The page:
CONTINUE signal transduction networks, and the change of Ca2+ concentration and distribution in plant cells may be considered as the plant’s responses and adaptations to the outside environment. In the presence of Ca2+, for example, wheat ( Triticum aestivum) showed significantly more accumulation of osmolytes in response to water stress by osmotic adjustment ( Nayyar 2003). Besides cations introduced above, Cl – is also an important inorganic ion and might also play key roles in osmotic adjustment. For example, Shabala et al. (2000) suggested a role of the hyperosmolarity induced influx of K+ and Cl – in plant (e.g., bean) cells that could be sufficient for osmotic adjustment without additional accumulation of organic solutes.



Osmotic Adjustment In Barley Two Weeks After Transfer to High Salt:

Osmotic Adjustment In Barley Two Weeks After Transfer to High Salt Standard error = 0.057 MPa or less (n = 3) Barley

Contribution of NaCl to Osmotic Adjustment In Barley Two Weeks After Transfer to High Salt:

Contribution of NaCl to Osmotic Adjustment In Barley Two Weeks After Transfer to High Salt Standard error = 0.04 MPa or less (n = 3) Barley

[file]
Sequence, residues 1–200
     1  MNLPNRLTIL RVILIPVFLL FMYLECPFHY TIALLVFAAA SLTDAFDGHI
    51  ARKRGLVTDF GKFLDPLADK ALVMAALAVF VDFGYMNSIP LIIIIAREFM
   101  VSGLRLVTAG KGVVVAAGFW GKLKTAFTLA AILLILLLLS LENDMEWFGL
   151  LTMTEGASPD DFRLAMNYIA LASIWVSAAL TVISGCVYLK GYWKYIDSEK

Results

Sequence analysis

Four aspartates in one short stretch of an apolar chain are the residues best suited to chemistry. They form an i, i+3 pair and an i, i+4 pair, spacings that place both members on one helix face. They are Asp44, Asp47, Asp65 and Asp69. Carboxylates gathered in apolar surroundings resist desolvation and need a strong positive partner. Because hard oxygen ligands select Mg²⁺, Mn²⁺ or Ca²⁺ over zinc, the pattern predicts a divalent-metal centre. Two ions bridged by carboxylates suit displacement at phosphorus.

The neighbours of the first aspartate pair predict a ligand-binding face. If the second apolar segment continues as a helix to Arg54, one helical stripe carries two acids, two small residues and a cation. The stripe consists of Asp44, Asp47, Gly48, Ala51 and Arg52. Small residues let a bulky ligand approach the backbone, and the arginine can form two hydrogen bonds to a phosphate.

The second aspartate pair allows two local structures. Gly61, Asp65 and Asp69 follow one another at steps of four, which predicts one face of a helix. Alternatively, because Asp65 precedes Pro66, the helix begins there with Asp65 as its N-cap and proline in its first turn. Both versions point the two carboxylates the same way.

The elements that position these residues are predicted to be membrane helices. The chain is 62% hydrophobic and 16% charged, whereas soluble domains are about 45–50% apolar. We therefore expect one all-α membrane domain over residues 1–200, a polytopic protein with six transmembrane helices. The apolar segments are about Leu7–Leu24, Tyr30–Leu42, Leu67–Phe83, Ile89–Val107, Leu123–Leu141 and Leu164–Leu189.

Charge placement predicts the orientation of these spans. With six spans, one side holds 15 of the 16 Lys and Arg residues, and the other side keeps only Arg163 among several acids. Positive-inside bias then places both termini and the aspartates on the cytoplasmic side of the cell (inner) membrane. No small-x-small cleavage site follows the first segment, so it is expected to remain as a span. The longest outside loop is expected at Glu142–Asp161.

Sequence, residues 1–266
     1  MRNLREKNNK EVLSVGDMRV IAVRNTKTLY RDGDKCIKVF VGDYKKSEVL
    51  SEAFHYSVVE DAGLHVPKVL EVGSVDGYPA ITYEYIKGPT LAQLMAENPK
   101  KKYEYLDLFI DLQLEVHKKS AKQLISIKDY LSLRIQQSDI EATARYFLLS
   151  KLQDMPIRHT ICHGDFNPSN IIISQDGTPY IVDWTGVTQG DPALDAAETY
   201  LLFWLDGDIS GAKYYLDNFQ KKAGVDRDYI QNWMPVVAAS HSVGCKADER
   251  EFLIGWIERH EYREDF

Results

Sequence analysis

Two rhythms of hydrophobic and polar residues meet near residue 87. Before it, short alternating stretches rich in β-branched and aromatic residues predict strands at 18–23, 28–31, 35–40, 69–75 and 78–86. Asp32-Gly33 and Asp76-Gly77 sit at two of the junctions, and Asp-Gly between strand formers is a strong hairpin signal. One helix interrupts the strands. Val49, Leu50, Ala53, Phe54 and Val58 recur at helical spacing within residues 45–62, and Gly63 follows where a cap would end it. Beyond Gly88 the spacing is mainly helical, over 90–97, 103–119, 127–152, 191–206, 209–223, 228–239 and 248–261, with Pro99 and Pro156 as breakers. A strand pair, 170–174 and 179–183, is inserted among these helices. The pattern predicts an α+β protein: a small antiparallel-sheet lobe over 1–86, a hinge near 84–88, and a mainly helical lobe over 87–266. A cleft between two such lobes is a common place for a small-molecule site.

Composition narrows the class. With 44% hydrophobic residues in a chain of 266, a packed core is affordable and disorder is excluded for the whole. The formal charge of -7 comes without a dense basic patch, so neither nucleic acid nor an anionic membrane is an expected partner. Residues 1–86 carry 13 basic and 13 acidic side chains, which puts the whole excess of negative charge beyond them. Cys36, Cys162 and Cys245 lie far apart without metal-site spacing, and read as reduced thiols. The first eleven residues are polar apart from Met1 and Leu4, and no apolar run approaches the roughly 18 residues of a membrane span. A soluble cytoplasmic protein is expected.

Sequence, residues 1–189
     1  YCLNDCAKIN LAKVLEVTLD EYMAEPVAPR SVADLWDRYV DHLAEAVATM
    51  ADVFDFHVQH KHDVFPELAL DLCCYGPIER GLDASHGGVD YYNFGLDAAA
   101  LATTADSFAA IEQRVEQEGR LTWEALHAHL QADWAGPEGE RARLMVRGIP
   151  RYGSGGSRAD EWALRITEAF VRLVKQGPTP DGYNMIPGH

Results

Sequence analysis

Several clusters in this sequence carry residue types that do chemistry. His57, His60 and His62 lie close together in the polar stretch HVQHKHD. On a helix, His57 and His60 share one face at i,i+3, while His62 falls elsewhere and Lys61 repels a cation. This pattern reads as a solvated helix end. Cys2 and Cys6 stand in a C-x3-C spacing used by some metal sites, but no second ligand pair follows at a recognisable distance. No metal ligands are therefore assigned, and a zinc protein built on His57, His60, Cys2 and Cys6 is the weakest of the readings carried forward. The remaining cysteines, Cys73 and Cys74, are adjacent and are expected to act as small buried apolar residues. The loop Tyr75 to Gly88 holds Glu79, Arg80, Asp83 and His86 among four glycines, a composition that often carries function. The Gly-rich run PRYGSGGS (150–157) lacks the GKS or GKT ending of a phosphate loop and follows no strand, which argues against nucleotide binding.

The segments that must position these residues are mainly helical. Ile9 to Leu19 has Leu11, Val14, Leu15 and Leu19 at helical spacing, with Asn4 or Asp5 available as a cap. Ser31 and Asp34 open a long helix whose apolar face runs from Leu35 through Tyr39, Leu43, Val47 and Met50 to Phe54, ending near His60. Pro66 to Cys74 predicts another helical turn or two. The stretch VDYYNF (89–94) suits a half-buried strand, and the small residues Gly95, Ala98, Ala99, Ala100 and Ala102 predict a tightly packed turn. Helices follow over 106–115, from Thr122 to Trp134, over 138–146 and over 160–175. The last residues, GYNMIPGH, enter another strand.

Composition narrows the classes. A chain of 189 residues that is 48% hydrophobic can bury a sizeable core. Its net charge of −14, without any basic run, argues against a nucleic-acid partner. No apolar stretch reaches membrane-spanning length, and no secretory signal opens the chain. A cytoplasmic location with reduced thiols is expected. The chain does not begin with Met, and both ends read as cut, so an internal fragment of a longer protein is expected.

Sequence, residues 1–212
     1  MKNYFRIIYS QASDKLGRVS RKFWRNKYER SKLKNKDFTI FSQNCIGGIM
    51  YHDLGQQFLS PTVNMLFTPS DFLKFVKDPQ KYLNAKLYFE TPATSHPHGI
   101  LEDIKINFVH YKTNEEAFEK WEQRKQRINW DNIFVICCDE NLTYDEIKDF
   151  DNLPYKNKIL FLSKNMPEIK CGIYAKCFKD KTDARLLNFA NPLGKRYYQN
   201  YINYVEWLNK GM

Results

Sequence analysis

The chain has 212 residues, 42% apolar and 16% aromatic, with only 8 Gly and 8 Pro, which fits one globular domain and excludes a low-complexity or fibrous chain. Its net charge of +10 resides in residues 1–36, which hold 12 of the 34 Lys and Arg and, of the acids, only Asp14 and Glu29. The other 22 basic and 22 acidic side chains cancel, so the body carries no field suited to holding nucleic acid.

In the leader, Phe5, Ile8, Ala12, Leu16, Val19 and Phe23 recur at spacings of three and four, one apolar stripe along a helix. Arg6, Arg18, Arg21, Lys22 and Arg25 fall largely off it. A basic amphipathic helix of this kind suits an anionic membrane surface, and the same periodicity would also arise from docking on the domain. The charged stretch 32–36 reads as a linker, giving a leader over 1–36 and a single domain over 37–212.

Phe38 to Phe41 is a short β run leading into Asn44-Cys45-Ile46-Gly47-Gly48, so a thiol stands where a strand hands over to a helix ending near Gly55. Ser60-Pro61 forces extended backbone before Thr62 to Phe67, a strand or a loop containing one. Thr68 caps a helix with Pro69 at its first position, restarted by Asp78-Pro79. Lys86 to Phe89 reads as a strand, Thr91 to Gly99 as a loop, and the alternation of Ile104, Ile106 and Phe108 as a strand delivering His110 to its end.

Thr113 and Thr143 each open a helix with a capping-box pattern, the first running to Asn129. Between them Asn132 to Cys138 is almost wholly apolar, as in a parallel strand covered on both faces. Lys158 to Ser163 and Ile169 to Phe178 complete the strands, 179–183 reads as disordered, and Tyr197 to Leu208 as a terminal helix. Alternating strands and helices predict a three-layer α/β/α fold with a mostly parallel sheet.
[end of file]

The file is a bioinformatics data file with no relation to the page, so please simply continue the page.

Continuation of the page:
Osmotic Adjustment In Maize Ovaries After Withholding Water:

Osmotic Adjustment In Maize Ovaries After Withholding Water Osmotic adjustment “turned on” in ovary by feeding sucrose to stem Maize

Osmotic Adjustment in Sorghum 1. Mechanisms of Diurnal Osmotic Potential Changes:

Osmotic Adjustment in Sorghum 1. Mechanisms of Diurnal Osmotic Potential Changes Osmotic adjustment, defined as a lowering of osmotic potential due to net solute accumulation in response to water stress, has been considered to be a beneficial in drought tolerance mechanism in some crop species. The objective of this experiment was to determine the relative contribution of passive versus active mechanisms involved in diurnal 'II changes in sorghum ( Sorghum bicolor L. Moench) leaf tissue in response to water stress. A single sorghum hybrid (cv ATx623 x RTx430) was grown in the field under variable water supplies. Sorghum